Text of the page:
30 April 2017 | 15.3 °C

Londonist Walks To Work

By Hazel Last edited 108 months ago
Londonist Walks To Work
woodberry.jpg

Did you walk to work today? Members of the Londonist team managed it as did notable others: Londonista Hazel went in an efficient, no messing about straight line from East End to Farringdon, while, Londonista Dean took in a pastoral pre-work stroll along a north to south route. Did walking to work change their lives? What's it like on the streets at 8am? Will they want to do it again? Let's see...

Londonista Hazel

Being armpit height to most normal commuters and beholden to the laughable Hammersmith and City line that seems incapable of entering a tunnel without stopping in it for five minutes, the Walking Works pledge was something I was really looking forward to. There was pleasant, hazy spring sunshine, no kids on the streets as the NUT strike was giving them all a lie-in and I had a straight line from home to office to march down. I sprang out of the house, blithely bounded around the corner... and had to wobble inelegantly away from a big puddle of still-wet yellow vomit in the middle of the pavement. It was like that all the way to work: the spring in my step alternating between joyous freedom from London Underground and leaping away from urban unpleasantness.

Mile End to Stepney Green, then Whitechapel to Old Street, then Great Eastern Street to Farringdon was grubbier, more choked with traffic and less picturesque than I had hoped for. Nonetheless, it was a pleasure to walk through Whitechapel as the market was setting up, dodging around lads wheeling scary pumpkins and enormous leeks out of vans. A little closer to the City, I saw a few businessmen with babies in buggies, pushing their kids along with one hand while tapping away at Blackberry devices with the other. Getting into the business district, I collided more than once with perky picket lines outside various Home Office and public sector buildings. I kept saying to myself "Ooh, you wouldn't have seen that if you were on the Tube" - and I wouldn't have arrived feeling serene, calm and on time instead of furious, crumpled and late.

It took one hour and twelve minutes without getting too sweaty and having previous experience of running to and from work, I remembered to pack a clean shirt and plenty of water for the walk. I'll do it again, as long as the weather is good and I can find some smaller, less traffic-heavy roads to walk along.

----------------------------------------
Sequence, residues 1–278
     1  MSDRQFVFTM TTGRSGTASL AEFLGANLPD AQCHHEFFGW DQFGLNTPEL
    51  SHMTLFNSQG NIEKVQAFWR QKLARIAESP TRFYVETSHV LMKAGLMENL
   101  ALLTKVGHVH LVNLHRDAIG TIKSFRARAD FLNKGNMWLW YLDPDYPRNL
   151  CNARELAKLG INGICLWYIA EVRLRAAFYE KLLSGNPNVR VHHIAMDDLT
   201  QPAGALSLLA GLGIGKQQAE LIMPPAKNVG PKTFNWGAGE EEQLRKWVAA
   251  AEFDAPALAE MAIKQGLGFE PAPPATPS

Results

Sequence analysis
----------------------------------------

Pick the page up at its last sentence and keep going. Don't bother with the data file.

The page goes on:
Read Diamond Geezer's almost identical route here.

Londonista Dean

According to Google Maps it's a full 11.3 miles door-to-door between my house and my place of work. Luckily, Walking Works states a mere half-hour walk is sufficient, so I've decided to take a scenic jaunt from Stamford Hill to Finsbury Park. Padding up the hill and onto Amhurst Park, the full force of the wind hits me and I sense, as the sun pops behind a cloud, that a storm's a-brewing. The streets are mainly empty, save for a few members of the local Hasidic community going about their business, and the glum faces scowling out from behind grimy bus windows make me glad I've decided to walk.

After ten minutes of little to report, the more interesting part of the journey begins when a sharp right on Bethune Road leads to the New River Walk along the top of the East Reservoir. Unlike it's watersports-equipped Western cousin, the East Reservoir has been left untouched since going out of service, and nature has taken full advantage, with mallards and moorhens swimming lazily in the stiff breeze. This being London, the pastoral scene is sullied by mounds of rubbish that have piled up along the banks, although some resourceful birds have managed to use the debris to construct miniature islands - one swan in particular is sleeping on a solidly constructed island of twigs and takeaway boxes.

After the reservoir comes the Woodberry Down estate, whose dereliction now appears to be intentional rather than accidental - a number of buildings have been torn down to make way for Hackney council's regeneration project. Still, a few gems remain, including a particularly striking block that looks like it was airlifted straight out of Ceaucescu-era Bucharest.

By the time I reach Manor House station the rain is starting to teem down, and I decide to cut my losses and hop on the Piccadilly Line. I'm slightly disappointed to later find that I only covered a mile and a half in 40 minutes, but it was certainly a novel start to the day.

Did you walk to work today? Tell us about your journey in the comments below.

Image by Dean

Last Updated 24 April 2008